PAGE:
2. The alleged present-day Camus revival, always linked to The Rebel and often to the "new philosophers," transcends the scope of this article. In this respect, see: Stephen Miller, "The Posthumous Victory of Albert Camus," Commentary 70 (1980):53-58; Henri Peyre, "Albert Camus Vindicated," American Legion of Honor Society Magazine (1979):83-92; Jean-Yves Guerin, Diane S. Wood, "Albert Camus: The First of the New Philosophers," World Literature Today (1980):363-67.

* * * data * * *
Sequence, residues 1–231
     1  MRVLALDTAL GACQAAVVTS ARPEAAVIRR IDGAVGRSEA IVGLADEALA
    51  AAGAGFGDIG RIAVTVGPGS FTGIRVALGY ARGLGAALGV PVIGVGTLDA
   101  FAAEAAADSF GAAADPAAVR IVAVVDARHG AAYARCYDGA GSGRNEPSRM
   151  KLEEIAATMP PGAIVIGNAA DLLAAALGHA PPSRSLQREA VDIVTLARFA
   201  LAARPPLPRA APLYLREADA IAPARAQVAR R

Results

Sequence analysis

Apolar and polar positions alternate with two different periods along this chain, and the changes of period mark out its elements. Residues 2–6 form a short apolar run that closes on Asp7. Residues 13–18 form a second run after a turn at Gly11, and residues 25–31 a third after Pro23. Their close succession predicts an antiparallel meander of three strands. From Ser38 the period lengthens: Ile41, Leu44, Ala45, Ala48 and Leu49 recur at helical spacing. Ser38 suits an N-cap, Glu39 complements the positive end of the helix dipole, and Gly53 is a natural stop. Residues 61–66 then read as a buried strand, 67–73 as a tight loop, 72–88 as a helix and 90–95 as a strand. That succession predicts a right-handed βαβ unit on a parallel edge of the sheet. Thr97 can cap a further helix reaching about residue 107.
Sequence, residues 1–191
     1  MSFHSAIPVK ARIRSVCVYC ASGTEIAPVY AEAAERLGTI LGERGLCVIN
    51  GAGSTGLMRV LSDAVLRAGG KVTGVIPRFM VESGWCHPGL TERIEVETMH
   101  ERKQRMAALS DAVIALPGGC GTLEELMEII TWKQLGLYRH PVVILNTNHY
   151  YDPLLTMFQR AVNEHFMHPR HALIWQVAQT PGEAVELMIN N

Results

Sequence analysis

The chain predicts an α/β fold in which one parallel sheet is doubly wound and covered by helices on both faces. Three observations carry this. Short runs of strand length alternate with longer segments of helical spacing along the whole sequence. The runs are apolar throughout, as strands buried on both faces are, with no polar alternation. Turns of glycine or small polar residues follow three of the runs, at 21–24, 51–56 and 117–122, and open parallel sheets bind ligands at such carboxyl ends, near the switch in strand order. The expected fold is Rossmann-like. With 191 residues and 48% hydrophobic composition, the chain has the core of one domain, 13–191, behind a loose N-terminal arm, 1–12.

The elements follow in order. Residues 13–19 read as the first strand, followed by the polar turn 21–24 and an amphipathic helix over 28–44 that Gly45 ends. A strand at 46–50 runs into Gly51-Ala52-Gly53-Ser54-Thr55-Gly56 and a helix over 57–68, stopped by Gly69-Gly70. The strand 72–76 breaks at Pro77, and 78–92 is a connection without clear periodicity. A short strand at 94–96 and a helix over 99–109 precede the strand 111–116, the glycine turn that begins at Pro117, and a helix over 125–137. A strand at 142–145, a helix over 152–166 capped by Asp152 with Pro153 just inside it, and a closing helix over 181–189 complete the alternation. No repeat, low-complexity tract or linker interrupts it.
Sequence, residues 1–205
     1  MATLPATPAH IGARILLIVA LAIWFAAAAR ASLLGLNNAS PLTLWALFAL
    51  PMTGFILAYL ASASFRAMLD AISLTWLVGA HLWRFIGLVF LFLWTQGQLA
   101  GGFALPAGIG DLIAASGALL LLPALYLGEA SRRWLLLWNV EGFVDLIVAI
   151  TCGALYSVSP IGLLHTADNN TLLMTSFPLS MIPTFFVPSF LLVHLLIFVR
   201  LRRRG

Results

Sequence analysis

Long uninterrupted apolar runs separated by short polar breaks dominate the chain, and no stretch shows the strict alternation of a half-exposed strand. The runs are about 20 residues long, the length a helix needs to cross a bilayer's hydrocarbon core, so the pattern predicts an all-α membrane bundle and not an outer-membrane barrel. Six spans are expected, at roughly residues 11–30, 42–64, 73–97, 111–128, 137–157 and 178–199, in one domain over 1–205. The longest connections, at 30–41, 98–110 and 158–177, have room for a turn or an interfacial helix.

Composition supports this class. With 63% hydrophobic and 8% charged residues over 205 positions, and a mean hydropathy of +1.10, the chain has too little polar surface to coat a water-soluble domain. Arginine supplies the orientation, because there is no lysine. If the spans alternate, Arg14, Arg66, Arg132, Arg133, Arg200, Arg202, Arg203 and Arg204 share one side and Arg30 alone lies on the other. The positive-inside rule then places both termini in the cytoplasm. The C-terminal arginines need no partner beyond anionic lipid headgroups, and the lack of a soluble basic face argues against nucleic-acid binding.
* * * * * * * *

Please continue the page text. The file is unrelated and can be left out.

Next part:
3. From her perspective, Maria Casarès explains concisely, movingly, and with admirable circumspection the nature and meaning of their relationship. Her book appeared the year after Francine Camus's death: Maria Casarès, Résidente Privilégiée (Paris: Fayard, 1980).
10. See, for example, Germaine Brée, pp. 219, 222, 228; Roger Quilliot, The Sea and Prisons: A Commentary on the Life and Works of Albert Camus, trans. Emmett Parker (University, Alabama: University of Alabama Press, 1970), pp. 204-5; John Cruickshank, Albert Camus and the Literature of Revolt (Oxford: Oxford University Press, 1959), pp. 116-20.